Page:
Trump threatens to take the extraordinary step of adjourning Congress after going on a wild rant against Voice of America
President Donald Trump threatened to take the extraordinary step of forcing Congress to adjourn because the Senate hasn't confirmed Michael Pack, his nominee for the US agency that oversees Voice of America and other taxpayer-funded outlets. The White House has railed against VoA in recent days, falsely accusing the 75-year-old broadcaster of spreading Chinese propaganda. "If you hear what's coming out of the Voice of America, it's disgusting," Trump said on Wednesday. "The things they say are disgusting to our country." He then said that he would "exercise my constitutional authority to adjourn both chambers of Congress" and make recess appointments if the Senate doesn't confirm Pack to his position. Visit Business Insider's homepage for more stories.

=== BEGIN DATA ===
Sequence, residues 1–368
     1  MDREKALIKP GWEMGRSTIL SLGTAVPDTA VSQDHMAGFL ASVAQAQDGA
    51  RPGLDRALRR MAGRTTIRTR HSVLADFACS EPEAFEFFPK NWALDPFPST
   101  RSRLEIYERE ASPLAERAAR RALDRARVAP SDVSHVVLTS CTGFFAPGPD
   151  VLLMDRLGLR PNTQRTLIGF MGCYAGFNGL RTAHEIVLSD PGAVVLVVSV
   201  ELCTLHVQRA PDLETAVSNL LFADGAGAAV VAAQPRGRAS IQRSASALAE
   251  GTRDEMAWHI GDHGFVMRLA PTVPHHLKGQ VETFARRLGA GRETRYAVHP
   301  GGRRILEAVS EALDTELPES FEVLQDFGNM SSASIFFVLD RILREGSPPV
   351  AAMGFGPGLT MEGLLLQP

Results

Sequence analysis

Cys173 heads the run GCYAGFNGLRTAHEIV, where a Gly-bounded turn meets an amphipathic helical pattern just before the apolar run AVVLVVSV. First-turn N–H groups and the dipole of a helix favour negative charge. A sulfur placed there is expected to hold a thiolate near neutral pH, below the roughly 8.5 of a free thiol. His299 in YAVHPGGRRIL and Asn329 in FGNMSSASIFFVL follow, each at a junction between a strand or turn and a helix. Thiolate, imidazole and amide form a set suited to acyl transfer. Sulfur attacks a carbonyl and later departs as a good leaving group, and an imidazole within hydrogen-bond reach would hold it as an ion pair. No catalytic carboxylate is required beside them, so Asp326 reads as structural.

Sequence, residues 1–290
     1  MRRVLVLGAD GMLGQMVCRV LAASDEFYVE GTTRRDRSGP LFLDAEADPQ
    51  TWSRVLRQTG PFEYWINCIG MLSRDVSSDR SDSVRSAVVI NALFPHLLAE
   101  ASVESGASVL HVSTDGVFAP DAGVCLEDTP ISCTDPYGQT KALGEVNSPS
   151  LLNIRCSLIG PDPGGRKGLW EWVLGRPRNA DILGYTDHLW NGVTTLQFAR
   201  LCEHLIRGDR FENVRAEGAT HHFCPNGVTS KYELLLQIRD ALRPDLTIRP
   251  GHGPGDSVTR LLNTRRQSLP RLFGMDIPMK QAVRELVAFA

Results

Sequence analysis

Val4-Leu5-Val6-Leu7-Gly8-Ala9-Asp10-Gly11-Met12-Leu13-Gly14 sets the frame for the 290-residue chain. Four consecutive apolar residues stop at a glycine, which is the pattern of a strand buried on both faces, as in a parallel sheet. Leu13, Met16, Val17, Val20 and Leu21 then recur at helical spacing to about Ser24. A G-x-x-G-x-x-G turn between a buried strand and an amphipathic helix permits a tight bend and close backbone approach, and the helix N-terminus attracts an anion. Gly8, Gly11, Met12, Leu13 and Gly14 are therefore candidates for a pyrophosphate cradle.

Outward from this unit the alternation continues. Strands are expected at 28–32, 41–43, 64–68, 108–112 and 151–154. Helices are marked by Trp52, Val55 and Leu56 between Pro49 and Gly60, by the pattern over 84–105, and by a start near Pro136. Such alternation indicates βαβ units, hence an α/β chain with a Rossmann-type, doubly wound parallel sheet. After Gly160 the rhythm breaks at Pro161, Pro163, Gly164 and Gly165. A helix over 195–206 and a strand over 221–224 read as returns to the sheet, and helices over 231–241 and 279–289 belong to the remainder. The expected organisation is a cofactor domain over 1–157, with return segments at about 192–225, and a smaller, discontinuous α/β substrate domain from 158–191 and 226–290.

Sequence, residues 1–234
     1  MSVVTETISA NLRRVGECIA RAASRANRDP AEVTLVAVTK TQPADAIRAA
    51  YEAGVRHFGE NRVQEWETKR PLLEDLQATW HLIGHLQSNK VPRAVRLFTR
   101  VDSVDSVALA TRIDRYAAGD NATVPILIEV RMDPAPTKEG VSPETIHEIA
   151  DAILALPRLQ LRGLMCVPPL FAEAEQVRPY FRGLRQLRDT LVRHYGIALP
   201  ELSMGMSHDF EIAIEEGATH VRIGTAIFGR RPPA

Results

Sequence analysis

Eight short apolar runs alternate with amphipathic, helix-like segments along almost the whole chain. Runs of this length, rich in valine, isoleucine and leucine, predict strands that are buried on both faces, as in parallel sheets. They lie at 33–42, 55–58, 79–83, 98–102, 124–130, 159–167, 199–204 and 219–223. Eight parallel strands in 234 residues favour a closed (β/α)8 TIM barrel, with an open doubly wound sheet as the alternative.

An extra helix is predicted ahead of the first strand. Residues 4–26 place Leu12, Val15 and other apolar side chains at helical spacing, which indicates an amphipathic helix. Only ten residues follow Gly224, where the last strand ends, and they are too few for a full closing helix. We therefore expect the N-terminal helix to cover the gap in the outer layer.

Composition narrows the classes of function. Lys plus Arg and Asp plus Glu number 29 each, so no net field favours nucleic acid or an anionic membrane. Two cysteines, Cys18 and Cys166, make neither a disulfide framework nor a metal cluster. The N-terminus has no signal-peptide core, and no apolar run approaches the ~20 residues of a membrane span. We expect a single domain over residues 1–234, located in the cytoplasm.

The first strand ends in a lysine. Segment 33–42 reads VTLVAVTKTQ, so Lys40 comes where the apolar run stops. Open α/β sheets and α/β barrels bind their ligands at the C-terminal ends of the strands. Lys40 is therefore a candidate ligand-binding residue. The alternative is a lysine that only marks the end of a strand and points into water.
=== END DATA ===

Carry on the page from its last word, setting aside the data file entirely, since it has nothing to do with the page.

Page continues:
President Donald Trump threatened on Wednesday to take the extraordinary step of forcing Congress to adjourn because the Senate has not yet confirmed his nominee for a US agency that oversees Voice of America and other taxpayer-funded media outlets. The White House has railed against VoA in recent days, falsely accusing the 75-year-old broadcaster of spreading Chinese propaganda. "American taxpayers — paying for China's very own propaganda, via the US Government funded Voice of America! DISGRACE!!" the White House social media director, Dan Scavino, wrote on Twitter while sharing a VoA post about a light show in China last week. The light show was performed to celebrate the reopening Wuhan, the Chinese city where the coronavirus outbreak first began. It was on lockdown for months until last week. "If you hear what's coming out of the Voice of America, it's disgusting," Trump said. "The things they say are disgusting to our country." He then mentioned Michael Pack, a documentary filmmaker the president nominated to oversee the US Agency for Global Media (USAGM), which oversees VoA. "Michael Pack would get in, he'd do a great job, but he's been waiting now for two years," Trump said. "Can't get him approved. The senators left Washington until at least May 4." "The Constitution provides a mechanism for the president to fill positions in such circumstances," Trump added, referring to the Recess Appointments Clause of the Constitution. "The Senate should either fulfill its duty and vote on my nominees, or it should formally adjourn so that I can make recess appointments," Trump said. "We have a tremendous number of people that have to come into government, and now more so than ever before because of the virus and the problem. We have to do it. They've made it very difficult to run government." He then went on a tirade against Democratic lawmakers, who control the House of Representatives. After accusing them of putting up "roadblocks" via the Russia investigation and the impeachment inquiry, the president called on the lower chamber to agree to adjourn. "If the House will not agree to that adjournment, I will exercise my constitutional authority to adjourn both chambers of Congress," Trump said. "The current practice of leaving town while conducting phony pro forma sessions is a dereliction of duty that the American people cannot afford during this crisis. It is a scam what they do. It's a scam and everybody knows it." A "pro forma" session is a period of time, typically short in duration, when the House or Senate is technically in session but when no votes are cast and formal business is not conducted. "Pro forma" is Latin for "in form only." Article II, Section 3 of the Constitution outlines the president's power to convene or adjourn Congress in certain circumstances. "[H]e may, on extraordinary occasions, convene both Houses, or either of them, and in case of disagreement between them, with respect to the time of adjournment, he may adjourn them to such time as he shall think proper," the Constitution says. Article I, Section 5 also says: "Neither House, during the session of Congress, shall, without the consent of the other, adjourn for more than three days." The US Supreme Court unanimously ruled in 2014 that the president cannot use his or her authority under the Recess Appointment Clause of the Constitution to fill appointments unless the Senate is in recess and unable to conduct official business. "Perhaps it's never been done before," Trump said on Wednesday. "Nobody's even sure if it has, but we're going to do it. We need these people here." He added: "When you talk about partisanship, and it's never ever happened before. You can look at every administration in the history of this country. Nobody has ever had hundreds of people not approved after three years."Join the conversation about this story » NOW WATCH: Pathologists debunk 13 coronavirus myths